The Cook Islands Constitution Act 1964 also preserved for "Cook Islanders" their New Zealand Citizenship by providing that nothing in the 1964 Act or the Constitution should affect the status of any New Zealand citizen under the British Nationality and New Zealand Citizenship Act 1948. It is important to note that the continuation of such citizenship is a matter solely for the New Zealand Parliament.

The constitution of the Cook Islands provides for its amendment by an Act with a two-thirds majority and 90 days between second and third readings. the Head of State provision cannot be altered without a two thirds majority in a referendum.

There have been 11 Amendments to the Constitution enacted in the Cook Islands. The most significant of these is the Constitution Amendment (No.9) Act 1980-81. This Amendment reflected the evolving status of the Cook Islands. The Legislative Assembly was altered to Parliament; the Premier to Prime Minister; a High Court was established with three divisions: Civil, Criminal and Land. The Cook Islands Court of Appeal was established (abandoning the previous system of the New Zealand High Court sitting as the Court Islands Appellate Court) and appeals to the Privy Council were also established. Incidentally, the composition of the Court of Appeal must include a present or former Judge of the Court of Appeal of New Zealand.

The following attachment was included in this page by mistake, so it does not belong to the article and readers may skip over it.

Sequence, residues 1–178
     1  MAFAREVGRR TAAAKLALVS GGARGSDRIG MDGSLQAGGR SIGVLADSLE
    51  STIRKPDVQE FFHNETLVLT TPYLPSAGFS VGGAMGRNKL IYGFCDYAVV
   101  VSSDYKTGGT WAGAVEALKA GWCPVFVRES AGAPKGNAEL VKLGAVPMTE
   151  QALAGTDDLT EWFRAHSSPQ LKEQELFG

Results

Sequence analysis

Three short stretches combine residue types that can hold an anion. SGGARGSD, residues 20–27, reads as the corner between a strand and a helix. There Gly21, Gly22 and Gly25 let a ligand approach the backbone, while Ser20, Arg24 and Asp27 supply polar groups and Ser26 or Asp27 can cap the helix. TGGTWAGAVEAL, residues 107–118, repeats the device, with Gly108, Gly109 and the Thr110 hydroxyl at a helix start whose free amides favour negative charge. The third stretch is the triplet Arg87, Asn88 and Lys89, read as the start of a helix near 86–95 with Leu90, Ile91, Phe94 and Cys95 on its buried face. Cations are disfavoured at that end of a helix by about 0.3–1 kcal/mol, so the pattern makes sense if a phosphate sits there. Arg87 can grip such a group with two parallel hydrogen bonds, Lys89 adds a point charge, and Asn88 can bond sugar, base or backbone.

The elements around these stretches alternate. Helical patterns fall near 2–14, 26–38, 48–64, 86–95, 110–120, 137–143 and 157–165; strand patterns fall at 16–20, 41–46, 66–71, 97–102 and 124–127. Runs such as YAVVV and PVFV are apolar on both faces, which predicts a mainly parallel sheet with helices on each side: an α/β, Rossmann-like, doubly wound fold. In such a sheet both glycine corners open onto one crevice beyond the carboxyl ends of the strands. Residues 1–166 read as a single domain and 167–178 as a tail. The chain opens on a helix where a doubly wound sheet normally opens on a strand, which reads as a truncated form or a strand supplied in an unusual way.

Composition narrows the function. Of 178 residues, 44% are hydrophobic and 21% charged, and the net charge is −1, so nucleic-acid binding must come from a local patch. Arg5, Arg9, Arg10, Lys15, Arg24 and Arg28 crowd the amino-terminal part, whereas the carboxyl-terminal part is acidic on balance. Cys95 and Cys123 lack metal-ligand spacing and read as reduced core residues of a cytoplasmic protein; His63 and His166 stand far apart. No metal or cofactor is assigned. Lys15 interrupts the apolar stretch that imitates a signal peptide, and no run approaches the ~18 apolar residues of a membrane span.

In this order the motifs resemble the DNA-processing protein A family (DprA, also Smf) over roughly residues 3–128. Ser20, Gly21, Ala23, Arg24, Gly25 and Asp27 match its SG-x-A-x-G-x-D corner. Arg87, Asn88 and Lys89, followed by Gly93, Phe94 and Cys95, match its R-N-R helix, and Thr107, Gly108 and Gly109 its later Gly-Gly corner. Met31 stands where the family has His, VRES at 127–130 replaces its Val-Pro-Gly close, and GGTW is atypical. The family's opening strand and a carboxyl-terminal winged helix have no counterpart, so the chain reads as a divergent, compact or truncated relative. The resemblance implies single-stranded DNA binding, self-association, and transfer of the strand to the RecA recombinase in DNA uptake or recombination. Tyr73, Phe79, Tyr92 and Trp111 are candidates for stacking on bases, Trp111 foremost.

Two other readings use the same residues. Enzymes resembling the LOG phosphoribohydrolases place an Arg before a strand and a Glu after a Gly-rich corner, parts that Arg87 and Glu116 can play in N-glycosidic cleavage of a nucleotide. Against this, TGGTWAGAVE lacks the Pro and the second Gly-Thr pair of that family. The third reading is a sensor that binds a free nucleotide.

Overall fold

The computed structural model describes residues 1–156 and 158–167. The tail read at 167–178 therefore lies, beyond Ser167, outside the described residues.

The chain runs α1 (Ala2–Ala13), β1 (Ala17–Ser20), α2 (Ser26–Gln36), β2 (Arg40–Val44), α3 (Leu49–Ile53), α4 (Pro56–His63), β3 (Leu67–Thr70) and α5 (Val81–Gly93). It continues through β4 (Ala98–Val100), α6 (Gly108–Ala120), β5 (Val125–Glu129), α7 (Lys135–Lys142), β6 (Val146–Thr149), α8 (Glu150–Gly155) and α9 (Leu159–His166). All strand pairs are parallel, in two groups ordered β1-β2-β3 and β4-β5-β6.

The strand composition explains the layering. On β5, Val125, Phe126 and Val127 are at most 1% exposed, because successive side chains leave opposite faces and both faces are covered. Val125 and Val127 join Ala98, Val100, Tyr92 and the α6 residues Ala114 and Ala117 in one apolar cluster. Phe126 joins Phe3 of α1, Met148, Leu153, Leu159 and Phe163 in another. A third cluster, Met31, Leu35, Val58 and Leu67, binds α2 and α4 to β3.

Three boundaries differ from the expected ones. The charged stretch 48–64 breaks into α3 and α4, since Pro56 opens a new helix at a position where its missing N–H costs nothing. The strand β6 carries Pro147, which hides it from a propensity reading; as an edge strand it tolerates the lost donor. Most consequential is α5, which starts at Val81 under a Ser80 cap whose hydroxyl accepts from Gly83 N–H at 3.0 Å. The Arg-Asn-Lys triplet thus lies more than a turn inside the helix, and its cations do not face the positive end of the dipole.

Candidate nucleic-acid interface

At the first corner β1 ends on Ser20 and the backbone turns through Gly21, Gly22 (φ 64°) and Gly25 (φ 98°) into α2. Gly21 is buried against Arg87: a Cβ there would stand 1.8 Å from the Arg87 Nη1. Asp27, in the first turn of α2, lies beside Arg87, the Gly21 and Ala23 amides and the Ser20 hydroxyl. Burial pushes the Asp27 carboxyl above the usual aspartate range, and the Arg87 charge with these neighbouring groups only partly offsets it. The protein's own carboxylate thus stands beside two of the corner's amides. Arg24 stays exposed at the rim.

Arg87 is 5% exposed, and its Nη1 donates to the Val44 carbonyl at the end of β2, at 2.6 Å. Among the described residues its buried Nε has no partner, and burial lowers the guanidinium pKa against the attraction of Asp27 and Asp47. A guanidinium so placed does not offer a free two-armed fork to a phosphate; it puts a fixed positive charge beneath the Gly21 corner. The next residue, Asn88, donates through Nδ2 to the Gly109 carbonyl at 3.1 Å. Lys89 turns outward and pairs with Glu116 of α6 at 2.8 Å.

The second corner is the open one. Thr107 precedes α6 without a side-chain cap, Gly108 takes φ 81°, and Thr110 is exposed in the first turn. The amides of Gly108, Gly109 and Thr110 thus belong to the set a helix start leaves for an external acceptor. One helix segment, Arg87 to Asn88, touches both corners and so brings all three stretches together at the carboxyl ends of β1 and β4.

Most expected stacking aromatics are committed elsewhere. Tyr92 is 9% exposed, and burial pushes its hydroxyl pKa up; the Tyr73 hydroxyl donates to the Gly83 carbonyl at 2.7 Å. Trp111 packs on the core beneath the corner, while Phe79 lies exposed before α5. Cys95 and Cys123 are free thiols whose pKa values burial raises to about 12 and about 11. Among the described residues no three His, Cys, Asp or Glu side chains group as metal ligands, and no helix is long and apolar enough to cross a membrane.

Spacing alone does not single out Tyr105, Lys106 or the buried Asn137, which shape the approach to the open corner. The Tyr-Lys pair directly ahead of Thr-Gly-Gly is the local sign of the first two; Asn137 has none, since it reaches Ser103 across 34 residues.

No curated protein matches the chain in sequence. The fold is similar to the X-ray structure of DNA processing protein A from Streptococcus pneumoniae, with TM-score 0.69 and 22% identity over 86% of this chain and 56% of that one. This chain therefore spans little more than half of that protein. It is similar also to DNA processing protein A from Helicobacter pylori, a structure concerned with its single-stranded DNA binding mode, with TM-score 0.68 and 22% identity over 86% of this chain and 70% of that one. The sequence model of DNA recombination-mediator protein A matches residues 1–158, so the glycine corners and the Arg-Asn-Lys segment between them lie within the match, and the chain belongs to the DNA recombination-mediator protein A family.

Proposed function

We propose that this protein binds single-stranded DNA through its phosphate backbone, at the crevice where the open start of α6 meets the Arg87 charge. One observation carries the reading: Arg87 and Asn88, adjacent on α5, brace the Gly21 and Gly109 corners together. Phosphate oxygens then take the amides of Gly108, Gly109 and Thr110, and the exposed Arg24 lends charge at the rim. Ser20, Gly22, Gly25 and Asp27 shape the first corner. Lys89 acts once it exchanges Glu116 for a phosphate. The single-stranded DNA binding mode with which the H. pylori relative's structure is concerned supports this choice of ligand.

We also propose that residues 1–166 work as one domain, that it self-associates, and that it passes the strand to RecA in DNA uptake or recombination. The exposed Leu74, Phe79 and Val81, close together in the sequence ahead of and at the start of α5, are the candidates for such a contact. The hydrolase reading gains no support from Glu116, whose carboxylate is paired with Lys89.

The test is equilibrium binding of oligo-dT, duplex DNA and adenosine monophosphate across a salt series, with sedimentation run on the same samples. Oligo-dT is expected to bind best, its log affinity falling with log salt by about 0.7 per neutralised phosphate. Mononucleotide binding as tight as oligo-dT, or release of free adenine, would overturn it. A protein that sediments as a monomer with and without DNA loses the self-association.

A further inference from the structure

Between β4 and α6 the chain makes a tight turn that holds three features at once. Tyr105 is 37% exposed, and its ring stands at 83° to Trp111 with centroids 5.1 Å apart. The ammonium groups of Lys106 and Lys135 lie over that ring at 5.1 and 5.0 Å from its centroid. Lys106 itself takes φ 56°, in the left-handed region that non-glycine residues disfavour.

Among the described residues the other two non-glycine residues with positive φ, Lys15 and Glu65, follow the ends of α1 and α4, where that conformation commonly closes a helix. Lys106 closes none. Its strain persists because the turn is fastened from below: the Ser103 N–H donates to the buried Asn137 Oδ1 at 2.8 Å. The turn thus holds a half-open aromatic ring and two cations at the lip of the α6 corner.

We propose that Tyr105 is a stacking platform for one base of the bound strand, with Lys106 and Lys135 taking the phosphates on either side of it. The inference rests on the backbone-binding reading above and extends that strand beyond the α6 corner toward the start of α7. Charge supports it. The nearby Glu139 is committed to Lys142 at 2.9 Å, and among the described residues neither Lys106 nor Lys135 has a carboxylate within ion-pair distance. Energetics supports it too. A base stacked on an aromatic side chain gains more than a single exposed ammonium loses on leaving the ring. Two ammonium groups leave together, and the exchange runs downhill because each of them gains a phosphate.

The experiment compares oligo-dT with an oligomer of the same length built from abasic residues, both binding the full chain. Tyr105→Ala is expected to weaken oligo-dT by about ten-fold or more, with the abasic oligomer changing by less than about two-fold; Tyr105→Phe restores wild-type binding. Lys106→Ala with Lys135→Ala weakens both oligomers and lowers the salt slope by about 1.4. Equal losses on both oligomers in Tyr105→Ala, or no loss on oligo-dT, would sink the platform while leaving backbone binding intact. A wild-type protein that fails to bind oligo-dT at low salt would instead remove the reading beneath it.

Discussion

The Constitution Amendment No.9 also introduced a form of Bill of Rights with the declaration that certain fundamental human rights and freedoms exist in the Cook Islands.

The Cook Islands Parliament thus has the sole law making authority for the Cook Islands. Although New Zealand continues to be a major source of reference for new enactments for the Cook Islands, increasingly the legislators and draftsmen have looked further afield for policies and precedents considered to be more applicable to Cook Islands conditions.

Off-Shore Financial Centre and Tax Haven
The recently established off-shore financial centre and tax haven regime in the Cook Islands is an example where the Cook Islands has drawn from the legislation of a number of coutries and provided a little of its own ingenuity.